This completely disagrees with what the OED says. The word black is related to the Middle Dutch blac, the Old Saxon blac, and the Old High Saxon blah-, all of which meant ink. It does indeed seem related to the word Middle English word blaec (from which we get bleach), but that wasn't a different spelling, it was a different word in Middle English. The common root (if there was one, the OED isn't sure) was much, much, older. Jan 23, 2019 at 12:27
  • 1
    @PeterShor — on the topic of the OED and "black", Simon Winchester, in his account of the writing of the OED (The Meaning of Everything) refers to "…the difficulties involved in dealing with specific words — such as the ‘terrible’ word black…". He doesn’t elaborate on why black was so terrible, but the impression given is that it wasn’t easy to establish its origin.
    – David
    Jan 23, 2019 at 14:02
  • It would be nice if you could extend your reference to an actual article page. That way one would be able to find out who the author was etc.
    – David
    Jan 23, 2019 at 14:30
  • I'm just looking at the OED. The adjective blæc (black) and the verb blǽcan (to bleach, whiten) seem to have been both present in Old English, and each of them has their own cognates in other Germanic languages. They all come from Proto-European bhleg, but it seems the split between the two meanings was much earlier than Middle English, as your source says. Jan 23, 2019 at 15:02
  • But of course, the OED is behind a pay wall, so I can't link to it. And this is long enough ago that we don't have any written evidence of the changes, but one plausible etymology is Proto-Indo-European bhleg-, meaning shine, burnburnburntink (made with burnt carbon) → the color of ink = black. And of course, finding etymologies from shinewhite is easy. Jan 23, 2019 at 20:34

I must have missed this when it first came out. Or maybe I was sick. Anyway, my apologies.
While the etymology of black in English is surprising in that it could refer to either white or black, as noted, it's not that surprising. English has always had dialects, and as it turns out, black is supposed to be a color.

I wrote a paper about this topic, among others, a long time ago. One of the phonosemantic senses of English words beginning with /bl/ is that of color/eye. A lot of color names start with bl-, as do many words having to do with lack of color, and a large number of words pertaining to eyes (they go together). Many of them have been mentioned here. Here's a list of simplex words beginning with bl-, showing their phonosemantic dimensions:

  1. Contained Fluid blood, bloom, blossom, bloat, blister, blimp
  2. Color/Eye blood, blush, blue, black, blank, blond, blot, blind
  3. Excess blight, blotch, blur, blind, blister, blotto, bleach, bleak

For comparison, here's a list of English simplex words beginning with /br/, from the same paper.
BR- words have a bit of leakage from BL- words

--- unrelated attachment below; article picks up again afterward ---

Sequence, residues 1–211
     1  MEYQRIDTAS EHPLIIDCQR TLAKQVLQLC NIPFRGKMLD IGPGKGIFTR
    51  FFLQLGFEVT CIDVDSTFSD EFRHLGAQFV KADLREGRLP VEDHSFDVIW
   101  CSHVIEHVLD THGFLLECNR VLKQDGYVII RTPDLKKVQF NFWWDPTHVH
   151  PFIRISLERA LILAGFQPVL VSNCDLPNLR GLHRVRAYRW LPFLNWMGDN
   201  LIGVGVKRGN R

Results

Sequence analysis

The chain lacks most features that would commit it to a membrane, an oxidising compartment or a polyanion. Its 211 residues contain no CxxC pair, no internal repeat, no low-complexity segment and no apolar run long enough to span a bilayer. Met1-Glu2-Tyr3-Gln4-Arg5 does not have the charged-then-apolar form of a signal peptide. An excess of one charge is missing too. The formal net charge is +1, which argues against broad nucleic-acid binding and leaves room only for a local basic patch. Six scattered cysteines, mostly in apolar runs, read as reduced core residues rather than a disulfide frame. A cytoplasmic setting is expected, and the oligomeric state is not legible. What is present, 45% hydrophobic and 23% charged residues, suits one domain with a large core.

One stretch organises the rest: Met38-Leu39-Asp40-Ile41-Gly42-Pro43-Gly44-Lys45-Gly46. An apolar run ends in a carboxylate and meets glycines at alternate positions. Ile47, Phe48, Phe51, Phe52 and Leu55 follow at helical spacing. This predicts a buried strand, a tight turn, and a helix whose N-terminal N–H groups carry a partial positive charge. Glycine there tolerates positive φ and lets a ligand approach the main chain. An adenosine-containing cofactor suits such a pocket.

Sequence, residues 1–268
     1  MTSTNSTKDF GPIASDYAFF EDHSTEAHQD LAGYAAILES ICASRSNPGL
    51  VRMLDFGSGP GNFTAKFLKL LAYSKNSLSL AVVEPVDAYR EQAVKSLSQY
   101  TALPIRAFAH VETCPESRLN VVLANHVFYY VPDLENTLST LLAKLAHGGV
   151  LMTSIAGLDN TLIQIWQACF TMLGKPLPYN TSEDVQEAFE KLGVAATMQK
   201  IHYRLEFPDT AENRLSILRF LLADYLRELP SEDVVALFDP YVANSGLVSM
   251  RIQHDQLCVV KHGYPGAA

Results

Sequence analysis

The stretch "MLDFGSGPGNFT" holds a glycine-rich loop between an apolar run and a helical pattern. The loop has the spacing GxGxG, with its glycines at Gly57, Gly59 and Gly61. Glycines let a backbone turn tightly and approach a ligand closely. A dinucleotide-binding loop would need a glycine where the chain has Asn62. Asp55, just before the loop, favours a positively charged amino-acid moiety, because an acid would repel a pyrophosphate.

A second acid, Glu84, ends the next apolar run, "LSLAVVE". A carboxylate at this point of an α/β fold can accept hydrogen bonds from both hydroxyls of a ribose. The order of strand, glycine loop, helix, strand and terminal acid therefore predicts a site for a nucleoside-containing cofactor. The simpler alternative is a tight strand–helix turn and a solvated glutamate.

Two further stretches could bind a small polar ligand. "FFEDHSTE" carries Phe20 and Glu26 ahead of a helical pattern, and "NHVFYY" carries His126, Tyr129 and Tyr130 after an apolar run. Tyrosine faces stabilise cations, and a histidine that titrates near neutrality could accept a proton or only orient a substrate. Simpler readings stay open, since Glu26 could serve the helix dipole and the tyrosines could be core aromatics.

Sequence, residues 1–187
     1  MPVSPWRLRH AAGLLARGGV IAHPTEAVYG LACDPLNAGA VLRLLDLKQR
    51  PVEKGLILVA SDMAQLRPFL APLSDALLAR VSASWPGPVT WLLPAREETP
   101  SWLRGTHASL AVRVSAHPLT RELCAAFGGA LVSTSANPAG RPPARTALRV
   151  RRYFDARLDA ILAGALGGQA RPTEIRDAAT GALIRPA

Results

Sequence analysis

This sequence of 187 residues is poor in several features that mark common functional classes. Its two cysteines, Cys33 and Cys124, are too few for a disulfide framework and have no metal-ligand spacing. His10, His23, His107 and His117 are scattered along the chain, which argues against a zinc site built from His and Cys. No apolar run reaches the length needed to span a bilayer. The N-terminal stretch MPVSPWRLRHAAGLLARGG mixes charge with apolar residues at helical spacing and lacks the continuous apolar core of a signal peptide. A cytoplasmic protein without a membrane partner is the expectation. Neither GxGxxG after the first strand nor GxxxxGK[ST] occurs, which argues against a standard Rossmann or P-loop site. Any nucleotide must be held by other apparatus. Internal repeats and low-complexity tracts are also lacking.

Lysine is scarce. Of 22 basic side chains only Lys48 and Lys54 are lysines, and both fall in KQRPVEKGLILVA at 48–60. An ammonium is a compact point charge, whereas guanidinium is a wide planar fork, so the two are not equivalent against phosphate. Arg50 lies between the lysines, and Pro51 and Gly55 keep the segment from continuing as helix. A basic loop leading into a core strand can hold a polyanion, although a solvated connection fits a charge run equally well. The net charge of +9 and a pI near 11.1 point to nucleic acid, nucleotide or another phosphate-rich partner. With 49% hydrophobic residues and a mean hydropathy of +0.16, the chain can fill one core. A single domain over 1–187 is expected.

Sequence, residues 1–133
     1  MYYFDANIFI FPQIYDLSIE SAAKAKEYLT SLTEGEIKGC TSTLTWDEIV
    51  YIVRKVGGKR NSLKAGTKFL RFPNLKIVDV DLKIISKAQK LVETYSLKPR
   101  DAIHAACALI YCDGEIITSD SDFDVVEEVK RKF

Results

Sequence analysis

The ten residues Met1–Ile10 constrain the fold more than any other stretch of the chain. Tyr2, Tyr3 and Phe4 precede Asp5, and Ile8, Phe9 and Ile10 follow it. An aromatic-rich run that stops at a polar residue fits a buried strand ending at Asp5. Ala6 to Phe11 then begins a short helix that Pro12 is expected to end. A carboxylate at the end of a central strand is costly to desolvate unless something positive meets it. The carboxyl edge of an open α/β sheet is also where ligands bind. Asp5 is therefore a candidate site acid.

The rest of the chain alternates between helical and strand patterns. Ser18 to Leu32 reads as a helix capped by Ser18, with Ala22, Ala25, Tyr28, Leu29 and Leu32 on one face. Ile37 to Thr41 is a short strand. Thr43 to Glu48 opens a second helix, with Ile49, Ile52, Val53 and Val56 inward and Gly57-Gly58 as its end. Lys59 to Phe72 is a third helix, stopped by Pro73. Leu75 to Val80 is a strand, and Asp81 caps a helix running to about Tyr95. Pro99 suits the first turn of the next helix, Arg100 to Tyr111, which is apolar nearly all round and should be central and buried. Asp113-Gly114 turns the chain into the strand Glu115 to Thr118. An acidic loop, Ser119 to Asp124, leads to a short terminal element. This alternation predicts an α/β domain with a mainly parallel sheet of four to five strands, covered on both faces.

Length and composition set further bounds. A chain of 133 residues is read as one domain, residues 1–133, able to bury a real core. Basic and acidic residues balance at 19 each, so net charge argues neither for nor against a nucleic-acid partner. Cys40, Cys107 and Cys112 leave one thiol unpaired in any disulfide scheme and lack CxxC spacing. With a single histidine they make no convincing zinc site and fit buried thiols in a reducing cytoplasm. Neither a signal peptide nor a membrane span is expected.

1. Fluid brandy, brackish, bream, breeze, brook, breath
  2. Color brown, bright, brindle, bronze, bruise

but by and large their phonosemantic categories are quite different

  1. Human (Gender roles; all rather basic brawling, breeding, and feeding)
    • Male bris, brute, brawl, brag, brave, bruise, bray, brawn
    • Female breast, bride, bra, brat, bread, braid, brood, broth, broad
  2. 1-Dimensionality & Connectivity (in various combinations)
    • bristle, brush, briar, bridle, braid, broom, broad, brow, brim, break, bridge, bracket

This is just one thread in the glorious carpet of sound symbolism that lies over and under the words we use. More information available here.

  • 1
    I looked at the list you linked to and noted the way you have categorised "2 Color/Eye 26 blaze blot blind blip black blue blond bleach" It seems to me that the categorisation is not rigorous and basically relies on the word indicating something that is visible. It is hard to see how "colour" enters many of the words other than the fact that, like most things - they have some colour.
    – Greybeard
    Nov 2, 2020 at 0:33
  • As Aristotle put it, shape is the extension of color. If you're using a word to refer to something that is identifiable only or mostly by its color contrast with its visual context, you're referring to color. Not all words do; check out the non-leak words from BR-. Nov 2, 2020 at 16:15

The OED does distinguish two words, but the significant words are black and blake.

Under black there is

Cognate with Middle Dutch blac ink, Old Saxon blac ink (Middle Low German blak ink, black dye, black colour), Old High German blah- (only in blah-faro of the colour of ink.

further etymology uncertain; on formal grounds the word could be from a base related to the Germanic bases of blank adj. and the various forms discussed at blik v., (to shine, glisten or glitter) but since this would give an expected meaning ‘shining, white’ there is an obvious semantic difficulty; many have sought to resolve this by hypothesizing that the word meaning ‘black’ originated as a past participle (with the meaning ‘burnt, blackened’) of a verb meaning ‘to burn (brightly)’ derived from this base; this verb may perhaps be reflected by Middle Dutch blaken (Dutch blaken) to flame, to burn.

This latter seems desperately unlikely as there was already a word for burned/charred.

Additionally, there is the Old Icelandic blakkr, probably from the German "Blank" had the meaning of Blake.

Blake: 1 Pale, pallid, wan: implying deficiency or loss of colour, esp. of the ruddy hue of health, or of the full green of vegetation; of a sickly hue: thus passing on one side into ‘ash-coloured, livid,’ on another into ‘withered yellow,’

  1. Yellow. (Current (in 1887) in north England, from Cumbria to the Humber;)

1864 J. C. Atkinson Whitby Gloss. (at cited word) As blake as butter.

The spelling of black and blake in Old English overlapped and the OED notes that, other than by context, it is impossible to say which is which.

Thus we have


eOE tr. Bede Eccl. Hist. (Tanner) ii. xiii. 144 He..hæfde blæc feax [L. nigro

c1275 (▸?a1200) Laȝamon Brut (Calig.) (1978) l. 8832 Ane blake claðe.


Some early forms written blac, blak, also stand for blāk, blake,

c1275 (▸?a1200) Laȝamon Brut (Calig.) (1978) l. 9924 Ænne stunde he wes blac..while he wes reod.

It is thus most likely that there were two words, black and blake, and black came from the colour of ink, in much the same way as the colour orange comes from oranges.